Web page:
The Statute of Autonomy of the Basque Autonomous Community (Spain) establishes Basque as the co-official language of Araba, Bizkaia and Gipuzkoa. The Statute of Navarre (Spain) establishes Spanish as the official language of Navarre, but grants co-official status to the Basque language in the northern areas of Navarre. Basque has no official status in the North Basque Country (France).

The 2006 sociolinguistic survey of all Basque-speaking territories showed that of all people aged 16 and above (a total population of 2,589,600), 665,800 spoke Basque. This amounts to 25.7% Basque bilinguals overall, 15.4% passive speakers, and 58.9% non-speakers. Compared to the 1991 figures, this represents an overall increase of 137,000, from 528,500 (from a population of 2,371,100) 15 years previously.


A language isolate, Basque is believed to be one of the few surviving pre-Indo-European languages in Europe. The language's origins are not conclusively known, though the most accepted current theory is that early forms of Basque developed prior to the arrival of Indo-European languages in the area, including the Romance languages that geographically surround the Basque-speaking region.

Gipuzkoa, most of Bizkaia, a few municipalities of Araba, and the northern area of Nafarroa formed the core of the remaining Basque-speaking area before measures were introduced in the 1980s to strengthen the language. By contrast, most of Álava, the western part of Bizkaia and central and southern areas of Nafarroa are predominantly populated by native speakers of Spanish, either because Basque was replaced by Spanish along the centuries.

Under Restorationist and Francoist Spain, the public use of Basque was suppressed and regarded as a sign of separatism. A standardized form of the Basque language, called Euskara Batua, was developed by the Basque Language Academy in the late 1960s. Euskara Batua was created so that Basque language could be used—and easily understood by all Basque speakers—in formal situations (education, mass media, literature), and this is its main use today. In both Spain and France, the use of Basque for education varies from region to region and from school to school.


Although the first instances of coherent Basque phrases and sentences are dated back to about 950AD, the earliest surviving traces of Basque literary activity go back to the 16th century, but significant production does not seem to have set in until the 17th century.

Since the end of the Francoist period in Spain, the formation of a standard language and the large scale introduction of Basque into the education system consequently increased literary activity. While much of the literature written in Basque remains targeted at the native audience, some created by Basque authors that have been translated into other languages have achieved global recognition.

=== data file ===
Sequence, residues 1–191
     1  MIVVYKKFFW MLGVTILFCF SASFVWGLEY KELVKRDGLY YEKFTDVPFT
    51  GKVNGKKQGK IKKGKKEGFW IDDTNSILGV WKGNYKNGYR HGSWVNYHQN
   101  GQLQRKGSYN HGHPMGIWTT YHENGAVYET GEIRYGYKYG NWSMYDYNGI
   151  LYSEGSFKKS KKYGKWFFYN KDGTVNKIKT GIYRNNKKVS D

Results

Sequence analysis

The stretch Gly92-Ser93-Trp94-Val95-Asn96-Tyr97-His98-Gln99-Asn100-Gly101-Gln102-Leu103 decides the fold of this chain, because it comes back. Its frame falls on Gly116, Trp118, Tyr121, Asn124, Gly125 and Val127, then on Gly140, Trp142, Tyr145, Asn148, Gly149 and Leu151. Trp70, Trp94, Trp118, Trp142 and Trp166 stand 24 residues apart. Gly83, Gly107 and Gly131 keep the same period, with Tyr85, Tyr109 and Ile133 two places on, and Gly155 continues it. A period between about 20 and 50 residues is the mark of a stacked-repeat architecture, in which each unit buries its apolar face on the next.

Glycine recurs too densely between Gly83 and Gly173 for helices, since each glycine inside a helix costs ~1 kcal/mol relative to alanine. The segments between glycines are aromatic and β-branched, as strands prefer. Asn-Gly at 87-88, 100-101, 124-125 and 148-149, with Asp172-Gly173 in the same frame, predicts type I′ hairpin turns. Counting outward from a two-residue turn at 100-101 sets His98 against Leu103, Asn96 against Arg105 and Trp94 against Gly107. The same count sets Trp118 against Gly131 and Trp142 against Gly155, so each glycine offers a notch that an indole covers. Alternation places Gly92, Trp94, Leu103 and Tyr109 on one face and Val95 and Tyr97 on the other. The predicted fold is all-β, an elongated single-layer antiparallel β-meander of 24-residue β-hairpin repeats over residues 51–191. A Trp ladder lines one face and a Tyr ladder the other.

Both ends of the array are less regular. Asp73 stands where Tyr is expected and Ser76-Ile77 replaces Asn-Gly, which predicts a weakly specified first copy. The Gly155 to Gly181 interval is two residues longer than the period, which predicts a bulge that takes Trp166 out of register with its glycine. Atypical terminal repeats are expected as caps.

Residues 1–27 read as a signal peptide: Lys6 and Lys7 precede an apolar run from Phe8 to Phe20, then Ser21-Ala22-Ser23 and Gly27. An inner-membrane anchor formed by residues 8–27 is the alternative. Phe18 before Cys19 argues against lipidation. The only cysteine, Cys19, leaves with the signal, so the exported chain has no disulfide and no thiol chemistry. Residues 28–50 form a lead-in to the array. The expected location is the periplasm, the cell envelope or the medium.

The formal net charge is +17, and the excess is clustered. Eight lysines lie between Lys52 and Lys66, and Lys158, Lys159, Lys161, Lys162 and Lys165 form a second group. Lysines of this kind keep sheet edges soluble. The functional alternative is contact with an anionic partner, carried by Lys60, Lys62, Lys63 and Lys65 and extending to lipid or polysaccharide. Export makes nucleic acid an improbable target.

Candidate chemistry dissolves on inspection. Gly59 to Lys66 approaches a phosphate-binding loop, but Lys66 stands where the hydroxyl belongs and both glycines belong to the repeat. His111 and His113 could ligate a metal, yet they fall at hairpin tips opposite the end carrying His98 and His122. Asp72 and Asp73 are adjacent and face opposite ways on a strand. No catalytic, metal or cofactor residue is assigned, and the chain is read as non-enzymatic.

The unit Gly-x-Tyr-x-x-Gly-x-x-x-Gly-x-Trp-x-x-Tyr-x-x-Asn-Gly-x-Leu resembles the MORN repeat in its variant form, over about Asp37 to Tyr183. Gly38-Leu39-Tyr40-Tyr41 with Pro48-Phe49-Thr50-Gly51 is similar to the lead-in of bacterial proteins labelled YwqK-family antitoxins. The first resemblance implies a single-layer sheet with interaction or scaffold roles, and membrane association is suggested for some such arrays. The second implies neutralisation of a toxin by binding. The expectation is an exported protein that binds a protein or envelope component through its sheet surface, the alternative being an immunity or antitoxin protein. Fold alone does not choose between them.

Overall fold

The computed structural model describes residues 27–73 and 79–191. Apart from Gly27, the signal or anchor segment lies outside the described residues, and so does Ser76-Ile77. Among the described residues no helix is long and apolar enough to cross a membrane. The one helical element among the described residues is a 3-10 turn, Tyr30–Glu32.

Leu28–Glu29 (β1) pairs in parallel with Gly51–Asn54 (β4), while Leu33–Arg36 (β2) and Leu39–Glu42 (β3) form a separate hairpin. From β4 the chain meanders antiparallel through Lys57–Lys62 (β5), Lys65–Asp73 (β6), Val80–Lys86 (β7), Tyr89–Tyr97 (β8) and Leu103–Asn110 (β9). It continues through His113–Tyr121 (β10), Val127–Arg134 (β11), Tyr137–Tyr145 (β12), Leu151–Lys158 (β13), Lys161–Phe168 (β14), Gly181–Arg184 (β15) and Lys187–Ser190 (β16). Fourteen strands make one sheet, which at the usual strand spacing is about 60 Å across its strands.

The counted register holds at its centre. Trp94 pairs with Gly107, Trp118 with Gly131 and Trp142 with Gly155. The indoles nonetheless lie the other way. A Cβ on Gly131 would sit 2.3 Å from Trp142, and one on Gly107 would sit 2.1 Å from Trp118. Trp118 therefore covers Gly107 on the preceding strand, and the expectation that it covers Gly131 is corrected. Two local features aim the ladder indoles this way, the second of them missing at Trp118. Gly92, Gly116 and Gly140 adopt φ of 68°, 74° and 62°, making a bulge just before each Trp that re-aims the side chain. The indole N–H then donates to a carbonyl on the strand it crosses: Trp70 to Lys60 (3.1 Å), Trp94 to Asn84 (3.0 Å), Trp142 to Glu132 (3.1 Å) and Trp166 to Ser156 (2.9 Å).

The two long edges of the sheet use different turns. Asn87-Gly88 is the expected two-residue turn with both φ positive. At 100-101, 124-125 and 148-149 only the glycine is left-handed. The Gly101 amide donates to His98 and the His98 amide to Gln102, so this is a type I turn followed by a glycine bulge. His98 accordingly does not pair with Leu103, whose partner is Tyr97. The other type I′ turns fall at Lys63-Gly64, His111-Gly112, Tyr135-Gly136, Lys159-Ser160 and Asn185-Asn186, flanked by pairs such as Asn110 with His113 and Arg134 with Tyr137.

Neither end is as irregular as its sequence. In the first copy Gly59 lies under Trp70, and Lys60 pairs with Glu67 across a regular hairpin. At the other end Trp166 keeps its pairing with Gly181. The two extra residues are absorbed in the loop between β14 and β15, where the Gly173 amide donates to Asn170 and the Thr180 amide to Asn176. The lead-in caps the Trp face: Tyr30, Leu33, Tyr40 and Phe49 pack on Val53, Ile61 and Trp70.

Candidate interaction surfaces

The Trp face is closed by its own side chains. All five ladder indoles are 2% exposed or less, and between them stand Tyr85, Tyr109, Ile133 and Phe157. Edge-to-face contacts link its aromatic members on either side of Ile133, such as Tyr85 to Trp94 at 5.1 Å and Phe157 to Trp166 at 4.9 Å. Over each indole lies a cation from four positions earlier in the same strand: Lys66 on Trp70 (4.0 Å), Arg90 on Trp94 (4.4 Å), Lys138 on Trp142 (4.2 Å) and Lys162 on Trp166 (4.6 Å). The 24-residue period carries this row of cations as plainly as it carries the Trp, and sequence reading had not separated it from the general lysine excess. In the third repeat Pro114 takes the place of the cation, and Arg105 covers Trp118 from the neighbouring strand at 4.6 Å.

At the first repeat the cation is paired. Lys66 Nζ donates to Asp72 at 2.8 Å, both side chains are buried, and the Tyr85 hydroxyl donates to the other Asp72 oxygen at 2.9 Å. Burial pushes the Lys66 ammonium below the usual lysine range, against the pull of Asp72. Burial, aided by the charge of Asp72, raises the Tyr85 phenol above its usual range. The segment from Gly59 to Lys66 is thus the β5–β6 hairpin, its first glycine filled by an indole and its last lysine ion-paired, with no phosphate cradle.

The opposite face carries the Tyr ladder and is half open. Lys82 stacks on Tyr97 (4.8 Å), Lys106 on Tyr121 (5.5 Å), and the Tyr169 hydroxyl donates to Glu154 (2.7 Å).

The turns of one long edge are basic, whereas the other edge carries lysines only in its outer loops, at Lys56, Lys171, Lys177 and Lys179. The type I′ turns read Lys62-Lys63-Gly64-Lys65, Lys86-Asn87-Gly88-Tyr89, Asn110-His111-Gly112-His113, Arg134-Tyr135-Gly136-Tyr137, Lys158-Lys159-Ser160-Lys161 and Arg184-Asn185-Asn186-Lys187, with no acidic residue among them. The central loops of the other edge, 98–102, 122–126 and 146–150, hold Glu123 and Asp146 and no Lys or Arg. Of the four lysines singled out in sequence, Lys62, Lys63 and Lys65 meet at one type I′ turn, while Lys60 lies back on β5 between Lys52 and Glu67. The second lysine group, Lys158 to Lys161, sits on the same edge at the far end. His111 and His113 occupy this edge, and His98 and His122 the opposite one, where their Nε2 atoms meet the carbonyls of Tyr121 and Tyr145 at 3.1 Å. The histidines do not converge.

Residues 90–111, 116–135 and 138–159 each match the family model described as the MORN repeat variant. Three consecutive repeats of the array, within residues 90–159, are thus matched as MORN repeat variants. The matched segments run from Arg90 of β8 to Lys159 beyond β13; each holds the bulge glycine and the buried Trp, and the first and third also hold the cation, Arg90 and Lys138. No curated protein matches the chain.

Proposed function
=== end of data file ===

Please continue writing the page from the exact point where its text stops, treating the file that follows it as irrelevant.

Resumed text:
Basque Language

Basque Literature

The Macedonian language

Macedonian (/ˌmæsɨˈdoʊniən/; македонски јазик, makedonski jazik, pronounced [maˈkɛdɔnski ˈjazik] is a South Slavic language, spoken as a first language by around two million people, principally in Macedonia and the Macedonian diaspora, with a smaller number of speakers throughout the transnational region of Macedonia. It is the official language of Macedonia and an official minority language in parts of Albania, Romania and Serbia.

Ancient Macedonian was the language of the ancient Macedonians. It was spoken in the kingdom of Macedon during the 1st millennium BC and it belongs to the Indo-European language family. It gradually fell out of use during the 4th century BC, but it is one of the oldest world languages mentioned also in the Bible and new testimony.

Standard Macedonian was implemented as the official language of the Socialist Republic of Macedonia in 1945 and has since developed a modern literature. Most of the codification was formalized during the same period.

All South Slavic languages, including Macedonian, form a dialect continuum. Macedonian, along with Bulgarian and Torlakian (transitional varieties of Serbo-Croatian), is also a part of the Balkan sprachbund, a group of languages that share typological, grammatical and lexical features based on geographical convergence, rather than genetic proximity. Its other principal members are Romanian, Greek and Albanian, all of which belong to different genetic branches of the Indo-European family (Romanian is a Romance language, whereas Greek and Albanian comprise separate branches). Macedonian and Bulgarian are sharply divergent from the remaining South Slavic languages, Serbo-Croatian and Slovene, and indeed all other Slavic languages, in that they do not use noun cases (except for the vocative, and apart from some traces of once productive inflections still found scattered throughout the languages) and have lost the infinitive. They are also the only Slavic languages with any definite articles (unlike standard Bulgarian, which uses only one article, standard Macedonian as well as some south-eastern Bulgarian dialects have a set of three based on an external frame of reference: unspecified, proximal and distal definite article). Bulgarian and Macedonian are the only Indo-European languages that make use of the narrative mood.

The population of the Republic of Macedonia was 2,022,547 in 2002, with 1,644,815 speaking Macedonian as their native language. Outside of the Republic, there are Macedonians living in other parts of the geographical area of Macedonia. There are ethnic Macedonian minorities in neighboring Albania, in Bulgaria, in Greece, and in Serbia. According to the official Albanian census of 1989, 4,697 ethnic Macedonians reside in Albania.